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If you wonder how negotiation rules and scenarios of 2021 may differ from previous years, just look around. The pandemic has brought economies to a screeching halt with sporadic splashes of activity now and then, disrupted supply chains, and turned upside down whole industries. That’s not to mention the personal stress and losses the pandemic brought to people. The reverberations of it all will be perceived long afterward.
In a nutshell, it means that soft skills and a more careful approach to communication and decision-making are a must in the talks today. You do not know what may work as a trigger for a sudden confrontation, and what personal or other non-business factors may impact the decision-making of the other party.
So now it’s not the best time for hard talks and ‘good cop, bad cop games.’ They may end up unexpectedly, and not to your benefit. Instead, consider the following soft skills that will carry you through the trickiest of the talks and will let you win allies in every deal you make.
Yes, that’s obvious. We are all humans, so don’t enter the negotiations viewing the other party as enemies. They have their feelings, dignity, and reasons. So have you. Base your approach on this simple premise. Their reasons are as valid as yours (if they do not ask for obviously ridiculous concessions), their desires are as important as yours. It does not mean that you need to give in and let them have it all. It just means that you have to show that you take their demands seriously and ponder over them. It also means showing basic respect to them as negotiators and humans.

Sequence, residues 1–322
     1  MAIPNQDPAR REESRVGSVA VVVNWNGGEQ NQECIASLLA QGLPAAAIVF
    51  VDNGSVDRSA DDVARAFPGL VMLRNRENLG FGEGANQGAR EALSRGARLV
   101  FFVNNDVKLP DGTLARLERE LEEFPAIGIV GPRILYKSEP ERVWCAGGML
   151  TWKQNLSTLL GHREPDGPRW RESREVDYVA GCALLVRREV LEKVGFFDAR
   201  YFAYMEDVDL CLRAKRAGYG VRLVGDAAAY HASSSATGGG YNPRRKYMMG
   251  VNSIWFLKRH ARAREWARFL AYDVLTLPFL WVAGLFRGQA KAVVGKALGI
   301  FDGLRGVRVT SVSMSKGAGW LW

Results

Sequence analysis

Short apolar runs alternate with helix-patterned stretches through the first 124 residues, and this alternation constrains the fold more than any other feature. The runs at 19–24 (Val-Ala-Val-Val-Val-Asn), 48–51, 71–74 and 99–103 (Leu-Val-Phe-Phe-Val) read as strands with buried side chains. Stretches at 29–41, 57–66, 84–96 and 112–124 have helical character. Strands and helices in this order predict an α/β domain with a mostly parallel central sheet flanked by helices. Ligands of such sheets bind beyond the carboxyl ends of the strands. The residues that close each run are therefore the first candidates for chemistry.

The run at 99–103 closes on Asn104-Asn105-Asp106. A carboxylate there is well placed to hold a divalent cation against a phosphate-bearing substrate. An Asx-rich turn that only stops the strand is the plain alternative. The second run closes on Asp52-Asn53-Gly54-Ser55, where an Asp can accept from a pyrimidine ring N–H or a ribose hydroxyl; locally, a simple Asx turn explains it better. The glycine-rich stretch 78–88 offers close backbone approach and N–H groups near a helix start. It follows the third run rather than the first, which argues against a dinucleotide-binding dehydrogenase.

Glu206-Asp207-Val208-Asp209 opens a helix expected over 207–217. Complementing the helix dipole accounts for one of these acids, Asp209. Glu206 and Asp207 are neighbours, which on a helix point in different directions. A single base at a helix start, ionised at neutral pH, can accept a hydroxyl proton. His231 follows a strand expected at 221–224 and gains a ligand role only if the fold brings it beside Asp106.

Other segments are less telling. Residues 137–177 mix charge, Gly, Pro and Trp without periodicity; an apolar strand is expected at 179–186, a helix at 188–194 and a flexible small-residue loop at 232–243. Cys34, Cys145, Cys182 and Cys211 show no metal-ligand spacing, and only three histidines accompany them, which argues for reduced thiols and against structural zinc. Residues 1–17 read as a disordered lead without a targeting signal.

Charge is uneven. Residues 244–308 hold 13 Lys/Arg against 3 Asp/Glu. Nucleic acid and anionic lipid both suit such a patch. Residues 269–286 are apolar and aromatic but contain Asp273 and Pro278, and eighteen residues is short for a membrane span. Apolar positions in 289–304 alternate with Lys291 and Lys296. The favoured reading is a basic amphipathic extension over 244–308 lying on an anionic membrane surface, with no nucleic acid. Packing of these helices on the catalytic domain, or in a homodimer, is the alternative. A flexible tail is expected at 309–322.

We smoothly transition to civility as the clear signal that you treat your opponents as capable actors. Keep your language and manners polite. Cold treatment or back-slapping is out of the question. No matter how indignant or angry you are, make your language civil and your suggestions reasonable.
Precarious local situations and global instability make long-term decisions questionable. The other party may put forward the offer in good faith and then take back their words because the situation really changed. Mind that. You need to be more adaptable and flexible than ever. Like, you need to be ready that the conditions will change because of an emergency, and you’ll need to have a plan B or be able to devise this plan with the other party on the go. If some particular condition suddenly becomes a must for them, will you be able to build a workaround?
Communication and Art of Asking Right Questions
In this light, communication becomes important like never before. Only careful explanations and active listening can help you make sense of the situation and reach a deal. Listen, process what is said, and talk based on the information you got. Then repeat.
You can’t run the talks if you do not know how to persuade. It’s a whole art, and you need to master and be sure that your team acts on the same playbook as you.
Since you will most probably negotiate as a team, you need cohesiveness and accord in your ranks. You all need to stick to a previously agreed line of negotiation. Teamwork means covering each other’s backs when the other party attacks from the flanks. It’s unacceptable when one team member runs their own politics and acts to the damage of team achievements.
It all takes patience and emotional control, that’s the secret. It’s hard to say how this skill can be mastered, but after a few botched negotiations, you either gain patience through painful experience or stop negotiating altogether. If you read these lines, then you probably do negotiate on a regular basis, so you have it in you.
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